Previous Fora / 2003


Science and knowledge are our major assets. The advent of the 21st century has brought new challenges to mankind, alongside the old and unanswered ones, including those related to peace, justice, the quality of life and sustainable development. Science and knowledge face significant new challenges, too. How are we to meet these challenges?

In order to tackle these issues and prompt a world-wide discussion about the new roles and challenges of science and knowledge in the global society of the 21st century, and as a follow-up to the successful World Conference on Science in 1999, organised by UNESCO and ICSU in Budapest, Hungary, the Hungarian Academy of Sciences initiates a world forum series on science, knowledge, information and their role in society.

Under the auspices of the President of Hungary, Professor Ferenc Mádl, the first World Science Forum Budapest will take place in November 2003. The Forum at this time will focus on Knowledge and Society.

E. Sylvester Vizi
President of the Hungarian Academy of Sciences,
Chair of the World Science Forum Budapest

Norbert Kroó
Secretary General of the Hungarian Academy of Sciences,
Chair of the Organising Committee

Balázs Gulyás
External Member of the Hungarian Academy of Sciences,
Executive Director of the Organising Committee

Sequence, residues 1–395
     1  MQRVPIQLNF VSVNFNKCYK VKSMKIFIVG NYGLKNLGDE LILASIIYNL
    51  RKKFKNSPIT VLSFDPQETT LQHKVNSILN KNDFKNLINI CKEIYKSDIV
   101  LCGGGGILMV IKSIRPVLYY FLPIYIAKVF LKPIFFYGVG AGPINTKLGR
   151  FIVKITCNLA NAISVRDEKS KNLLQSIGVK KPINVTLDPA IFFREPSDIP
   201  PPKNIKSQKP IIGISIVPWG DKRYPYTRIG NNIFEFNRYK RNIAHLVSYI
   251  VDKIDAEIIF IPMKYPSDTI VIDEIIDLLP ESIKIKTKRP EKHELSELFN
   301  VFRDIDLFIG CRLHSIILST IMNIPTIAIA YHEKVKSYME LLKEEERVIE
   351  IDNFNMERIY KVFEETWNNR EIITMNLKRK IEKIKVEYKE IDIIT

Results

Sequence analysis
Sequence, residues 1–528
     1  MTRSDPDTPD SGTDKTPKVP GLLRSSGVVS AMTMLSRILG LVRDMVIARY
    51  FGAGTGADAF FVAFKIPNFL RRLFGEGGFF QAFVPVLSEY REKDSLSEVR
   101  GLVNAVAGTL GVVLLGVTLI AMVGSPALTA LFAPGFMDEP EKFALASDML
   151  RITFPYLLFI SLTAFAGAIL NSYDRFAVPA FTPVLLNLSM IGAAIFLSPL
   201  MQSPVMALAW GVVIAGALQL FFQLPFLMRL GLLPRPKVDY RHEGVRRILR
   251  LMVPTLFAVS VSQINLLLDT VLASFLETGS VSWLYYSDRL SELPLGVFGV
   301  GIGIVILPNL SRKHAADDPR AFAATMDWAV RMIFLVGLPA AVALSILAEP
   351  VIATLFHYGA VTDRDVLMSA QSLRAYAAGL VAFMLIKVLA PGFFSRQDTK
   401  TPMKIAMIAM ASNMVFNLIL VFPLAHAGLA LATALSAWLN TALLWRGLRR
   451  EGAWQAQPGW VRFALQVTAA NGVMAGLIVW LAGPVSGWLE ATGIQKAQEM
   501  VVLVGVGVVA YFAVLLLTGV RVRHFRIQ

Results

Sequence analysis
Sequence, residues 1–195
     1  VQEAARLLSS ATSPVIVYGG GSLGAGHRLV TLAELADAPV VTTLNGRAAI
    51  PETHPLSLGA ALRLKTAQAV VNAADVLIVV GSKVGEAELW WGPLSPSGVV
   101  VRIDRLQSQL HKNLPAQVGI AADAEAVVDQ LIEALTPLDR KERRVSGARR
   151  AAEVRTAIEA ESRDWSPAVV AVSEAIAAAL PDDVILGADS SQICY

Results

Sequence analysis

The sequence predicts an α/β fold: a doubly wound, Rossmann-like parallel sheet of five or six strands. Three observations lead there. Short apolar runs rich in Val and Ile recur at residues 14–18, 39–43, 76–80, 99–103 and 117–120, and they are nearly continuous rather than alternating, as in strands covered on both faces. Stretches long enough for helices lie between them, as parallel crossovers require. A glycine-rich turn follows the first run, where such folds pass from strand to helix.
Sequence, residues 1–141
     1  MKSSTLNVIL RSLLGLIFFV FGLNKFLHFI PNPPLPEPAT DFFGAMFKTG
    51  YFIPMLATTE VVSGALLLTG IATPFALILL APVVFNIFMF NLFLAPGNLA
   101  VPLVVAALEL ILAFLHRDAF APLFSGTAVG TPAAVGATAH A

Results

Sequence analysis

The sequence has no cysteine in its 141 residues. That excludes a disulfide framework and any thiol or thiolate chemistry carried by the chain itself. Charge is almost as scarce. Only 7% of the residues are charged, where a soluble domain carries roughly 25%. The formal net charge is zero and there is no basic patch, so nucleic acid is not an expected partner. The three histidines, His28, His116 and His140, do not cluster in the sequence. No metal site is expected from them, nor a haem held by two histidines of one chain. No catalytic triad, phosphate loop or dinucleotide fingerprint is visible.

The mission of the forum

By the end of the 20th century, science and knowledge became essential parts of our everyday lives. Scientific knowledge is not only the result of our inherent curiosity and scientific endeavor, it is a powerful means of understanding human nature, society, and the Nature in which we live. Advance in science is a major contributor to society's socio-economic development, the global welfare of humankind, our relation to Nature, and the quality of our lives.

In past centuries the predominant role of science was the production of new knowledge to satisfy the curiosity of the human mind. In recent years, the role of science has undergone changes, as scientific inquiry has increasingly become the motor of development in society. By the end of the 20th century, science has acquired a number of new roles. These novel roles may - and should - contribute in a decisive manner to the daily life of humankind in the 21st century.

In spite of its spectacular development and new opportunities, the science of 21st century faces wavering confidence, unseen dilemmas and brand-new questions. These problems can be solved only if the main procedures and users of knowledge are able to reach common ground for the new roles of knowledge and science in 21st century's global Society.

In 1999, UNESCO and ICSU organised the World Conference on Science in Budapest. The delegates decided on a series of follow-up conferences to the Conference, whose rationale was embodied in the two documents adopted by the Conference:

  • Declaration on Science and the Use of Scientific Knowledge
    (, which underscores the
    importance of political commitment to the support of scientific endeavour and to the
    solution of problems at the interface between science and society;

  • Science Agenda-Framework for Action:
    (, an innovative and
    pragmatic proposed structure to foster partnership in science and use science to benefit
    development and the environment. To further promote the status of science in the life of
    humankind, UNESCO has designated 10 November as the World Day of Science.

The World Science Forum Budapest on 8-10 November 2003 at the Hungarian Academy of Sciences and the Hungarian Parliament will provide a unique forum for a much needed genuine debate and hopefully lasting interaction between the scientific community and Society.